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EghtesadOnline: President Emmanuel Macron expanded his control of French politics as voters put his party on track to a sweeping majority in the National Assembly in the first round of legislative elections.

Macron’s year-old party, Republic on the Move, won about 31.5 percent of the vote, almost 10 percentage points ahead of the Republicans, according to the Interior Ministry, with 89 percent of the vote counted. The result would give Macron’s backers between 415 and 455 seats out of 577 in the lower house of parliament, according to projections by Ipsos, according to Bloomberg.

The results -- which need to be confirmed in the second round of voting next Sunday -- would give Macron the biggest majority in the Assembly since 1993. That offers the 39-year-old president the power to push through his recipe for fixing France over the next five years and face the consequences if he fails.

“Emmanuel Macron has redrawn the French political map,” former Danish Prime Minister Anders Fogh Rasmussen said on Twitter. He and his party have “a generational chance to deliver reforms.”

One key plank of that vision is the controversial labor-market overhaul that he has promised to deliver by mid-September. With the French economy lagging its peers, Macron also wants to change tax rates and fix inequalities in the pension system. He’s already started to revamp French intelligence services after terrorists claimed more than 200 lives since the beginning of 2015.

Labor Reform

Simplifying France’s labor code was one of Macron’s main campaign promises. The president began a round of initial meetings with union leaders within 10 days of taking office on May 14. Those talks will get under way in earnest after next Sunday’s second-round vote as the government seeks common ground for reworking the country’s byzantine labor rules.

Macron wants individual companies to negotiate wages rather than being bound by industry-wide agreements. He has argued that a more flexible labor market would help boost growth and win the trust of France’s European partners, above all Germany.

For at least two decades, French unions have opposed such efforts, emphasizing job protection instead, but a week from now, Macron may find himself in a stronger position than any French president for a generation. With a majority in parliament and hundreds of lawmakers who are completely new to politics, the president would hold extensive control over the levers of government.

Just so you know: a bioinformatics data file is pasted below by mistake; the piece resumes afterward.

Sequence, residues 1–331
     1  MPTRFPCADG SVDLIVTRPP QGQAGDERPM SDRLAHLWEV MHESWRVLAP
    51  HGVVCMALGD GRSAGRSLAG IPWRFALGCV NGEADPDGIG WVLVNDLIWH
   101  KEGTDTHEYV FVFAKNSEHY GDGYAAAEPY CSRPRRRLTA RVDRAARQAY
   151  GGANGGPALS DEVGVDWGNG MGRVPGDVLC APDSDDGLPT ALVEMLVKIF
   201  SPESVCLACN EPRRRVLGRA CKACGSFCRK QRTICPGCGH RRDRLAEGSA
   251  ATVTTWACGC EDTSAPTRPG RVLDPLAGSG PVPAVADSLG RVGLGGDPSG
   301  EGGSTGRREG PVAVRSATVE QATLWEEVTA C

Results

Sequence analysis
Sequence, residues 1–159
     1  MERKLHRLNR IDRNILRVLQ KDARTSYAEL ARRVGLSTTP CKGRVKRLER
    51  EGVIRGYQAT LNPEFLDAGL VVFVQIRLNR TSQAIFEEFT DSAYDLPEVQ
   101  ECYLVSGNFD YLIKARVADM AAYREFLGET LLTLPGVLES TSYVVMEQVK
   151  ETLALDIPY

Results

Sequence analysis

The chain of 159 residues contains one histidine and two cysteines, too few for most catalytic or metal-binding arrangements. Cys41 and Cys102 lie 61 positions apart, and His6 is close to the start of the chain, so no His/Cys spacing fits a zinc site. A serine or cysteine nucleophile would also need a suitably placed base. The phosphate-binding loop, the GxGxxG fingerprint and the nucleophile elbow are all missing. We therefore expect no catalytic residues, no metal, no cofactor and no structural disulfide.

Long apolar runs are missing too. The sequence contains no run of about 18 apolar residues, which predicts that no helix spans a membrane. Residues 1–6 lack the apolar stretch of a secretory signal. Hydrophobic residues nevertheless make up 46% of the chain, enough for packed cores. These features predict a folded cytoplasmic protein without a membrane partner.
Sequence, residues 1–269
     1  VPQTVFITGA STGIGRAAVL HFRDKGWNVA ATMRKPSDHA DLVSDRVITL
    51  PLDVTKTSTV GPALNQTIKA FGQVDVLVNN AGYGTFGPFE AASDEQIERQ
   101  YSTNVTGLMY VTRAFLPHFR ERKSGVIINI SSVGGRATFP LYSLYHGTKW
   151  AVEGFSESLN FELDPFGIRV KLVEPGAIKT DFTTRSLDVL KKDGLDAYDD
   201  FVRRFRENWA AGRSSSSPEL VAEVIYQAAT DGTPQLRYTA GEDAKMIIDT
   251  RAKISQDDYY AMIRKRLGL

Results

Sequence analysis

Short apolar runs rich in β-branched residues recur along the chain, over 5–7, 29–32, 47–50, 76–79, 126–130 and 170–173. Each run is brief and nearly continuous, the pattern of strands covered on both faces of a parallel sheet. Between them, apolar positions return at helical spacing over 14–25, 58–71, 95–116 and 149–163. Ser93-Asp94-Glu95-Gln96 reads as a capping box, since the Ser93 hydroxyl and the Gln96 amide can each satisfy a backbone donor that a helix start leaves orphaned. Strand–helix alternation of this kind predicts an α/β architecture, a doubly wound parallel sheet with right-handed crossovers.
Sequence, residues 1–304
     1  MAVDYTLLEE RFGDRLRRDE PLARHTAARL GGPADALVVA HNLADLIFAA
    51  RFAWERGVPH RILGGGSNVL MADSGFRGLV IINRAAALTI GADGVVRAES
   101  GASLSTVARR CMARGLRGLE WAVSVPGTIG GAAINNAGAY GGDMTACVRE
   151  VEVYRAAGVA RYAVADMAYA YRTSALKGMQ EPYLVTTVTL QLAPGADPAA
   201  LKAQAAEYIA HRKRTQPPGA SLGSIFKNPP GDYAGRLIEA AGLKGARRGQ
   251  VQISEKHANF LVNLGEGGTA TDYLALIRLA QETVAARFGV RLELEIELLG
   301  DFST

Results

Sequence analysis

“This victory will no doubt go down as one of the great electoral achievements in our country’s recent history,” said Bruno Cautres, a politics professor at Sciences Po who works with pollster BVA. Yet it “doesn’t necessarily mean the country is totally won over to the reforms that Macron wants to carry out.”

Still, the opposition parties who might ordinarily lead the resistance to Macron and his prime minister, Edouard Philippe, are embroiled in extensive rebuilding after each suffered unprecedented defeats during the presidential vote.

“The message of the French people is unambiguous,” Philippe said in a televised address. “For the third consecutive time, millions of you confirmed your support for the renewing, unifying, reconquering project of the president.”

Opposition Forces

The Socialists and their allies, who held power under Francois Hollande until just weeks ago, were decimated. They’ll have between 20 and 30 seats, down from 331 as many of their voters and indeed lawmakers rallied to Macron, Ipsos projected.

The Socialists are also facing a challenge from the left by Jean-Luc Melenchon’s France Unbowed. The far-left candidate won 19 percent of the vote in the first round of the presidential election and will see his party take between 8 and 18 seats, Ipsos said.

The Republicans, the heirs to Charles de Gaulle who looked set to take power themselves six months ago, will have between 70 and 110 seats amid recriminations over Francois Fillon’s failed presidential campaign, Ipsos’s projections show.

The National Front, whose leader Marine Le Pen has faced criticism from party grandees after losing to Macron in the presidential runoff performance, will win between one and five seats. Le Pen led polling in her constituency in northwestern France, suggesting she will enter the Assembly for the first time.

Emmanuel Macron France elections France National Assembly